Fostering saves lives! As an Open Door Shelter, welcoming every unwanted animal every day, we are constantly challenged with space issues, especially during the Spring and Summer months when our intake is highest. Foster homes give us the added space to preserve the lives of our most fragile and at-risk animals. Please read on and consider providing temporary warmth and love to a cat, dog, or bunny who has seen so little of it.
Beginning in the spring, we take in many nursing mom cats and kittens, nursing mom dogs and puppies, and orphaned litters. Your love and attention will allow these babies to reach the weight they need to be spayed/neutered and adopted. The foster time period for these youngsters can run from a couple of weeks to a couple of months. Raising and socializing our fuzzy babies is an experience like no other. It requires a commitment of time and patience, and it's not uncommon for kittens to get sick after arriving in your home.
Our clinic staff will provide all of the medical support, medications and supplies you need to see your foster animals through any illness. The hardest part of fostering is bringing your foster animals back to the shelter for adoption. But the best cure for that is to take home another bunch of babies!
The Western PA Humane Society has isolation and treatment rooms where we treat cats and kittens with upper respiratory infections and dogs and puppies with kennel cough. These diseases are common in the animals who come through our doors, as most have not had the benefit of protective vaccines.
Isolation space is often a challenge in our shelter when many animals get sick at the same time. Housing them with healthy animals would compromise the health of our entire shelter population. At these times foster homes are crucial to the lives of our beloved animals. If you don't currently share your home with a four-legged family member, or if you can provide an extra room for an animal of a different species than your pet, please consider this life-saving opportunity.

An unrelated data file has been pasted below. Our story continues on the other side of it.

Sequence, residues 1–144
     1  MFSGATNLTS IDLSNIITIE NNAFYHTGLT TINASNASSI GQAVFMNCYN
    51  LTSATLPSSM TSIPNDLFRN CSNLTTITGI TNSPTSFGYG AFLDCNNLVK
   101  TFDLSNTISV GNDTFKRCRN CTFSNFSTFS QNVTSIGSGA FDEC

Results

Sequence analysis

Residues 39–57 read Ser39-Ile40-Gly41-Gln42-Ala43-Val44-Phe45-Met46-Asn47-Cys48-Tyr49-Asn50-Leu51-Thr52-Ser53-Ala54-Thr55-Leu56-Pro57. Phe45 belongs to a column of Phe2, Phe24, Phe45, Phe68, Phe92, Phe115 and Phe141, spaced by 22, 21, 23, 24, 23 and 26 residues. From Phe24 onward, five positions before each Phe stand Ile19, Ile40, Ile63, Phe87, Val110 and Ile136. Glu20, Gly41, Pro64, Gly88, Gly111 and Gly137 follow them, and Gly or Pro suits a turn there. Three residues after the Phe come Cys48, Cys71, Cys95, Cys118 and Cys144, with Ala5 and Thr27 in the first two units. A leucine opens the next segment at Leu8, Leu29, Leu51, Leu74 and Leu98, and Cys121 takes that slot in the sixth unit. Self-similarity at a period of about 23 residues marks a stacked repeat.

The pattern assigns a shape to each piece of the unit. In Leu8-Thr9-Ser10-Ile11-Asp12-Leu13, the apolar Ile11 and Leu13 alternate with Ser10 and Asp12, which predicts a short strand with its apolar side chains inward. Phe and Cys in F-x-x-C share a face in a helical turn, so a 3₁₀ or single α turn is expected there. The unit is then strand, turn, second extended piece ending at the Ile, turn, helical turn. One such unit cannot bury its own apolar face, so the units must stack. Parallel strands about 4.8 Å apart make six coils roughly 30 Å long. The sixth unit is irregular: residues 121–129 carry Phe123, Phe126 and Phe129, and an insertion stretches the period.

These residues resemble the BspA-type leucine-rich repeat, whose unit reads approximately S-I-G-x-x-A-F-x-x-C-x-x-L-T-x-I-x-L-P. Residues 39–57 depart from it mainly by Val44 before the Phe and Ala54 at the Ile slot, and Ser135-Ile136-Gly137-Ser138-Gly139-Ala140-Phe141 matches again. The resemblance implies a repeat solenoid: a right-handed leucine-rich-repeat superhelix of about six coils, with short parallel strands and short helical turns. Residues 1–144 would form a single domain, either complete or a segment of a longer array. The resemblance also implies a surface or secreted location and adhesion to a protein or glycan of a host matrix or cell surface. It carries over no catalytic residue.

Our animals ALWAYS recover more quickly with the love and care a foster home provides. Our clinic provides all of the medications, support and supplies you will need to bring your foster animal back to health. The usual time period for fostering a sick animal is 10 - 14 days. In some cases it takes a little longer, depending upon the strength of the animal's immune system.
Become a Foster Home for our North Side or Elizabeth Shelter. Click here to take our foster survey.
Volunteer & Foster Services
W PA Humane Society
1101 Western Avenue
Pittsburgh, PA 15233
For more info call Jessica Dettling at 412-321-4625 ext. 221.
When kittens and puppies too young to eat on their own come into our shelter, their lives depend upon staff and volunteers who have the time, energy, expertise and emotional strength to bottle-feed these babies.
If you would like to learn how to care for neonatal kittens and puppies, we can provide individual or group instruction on the skills and supplies needed for this type of care.
Before you consider this type of foster opportunity, you need to know that, no matter how much time, effort and love you provide, some of these babies may not make it. Look inside yourself and make sure you have not only the time (some babies need bottle-fed every two hours, round the clock!), but the emotional fortitude to provide this level of care.
Although we do not usually foster out healthy, adoptable animals (our shelter buddies best chance for adoption is in the shelter, where potential adopters can see, touch, and fall in love), when kennel housing gets cramped and cage space is an issue, we welcome foster parents who can give a two-week cage break to one of our animals.
Animals fostered for space remain on our website as available for adoption, and foster parents may need to return their foster animal early to meet a potential adopter. If you fall madly in love with your foster animal, foster parents usually have "first dibs" on adopting their foster animal. This decision needs to be made immediately if we have another interested potential adopter.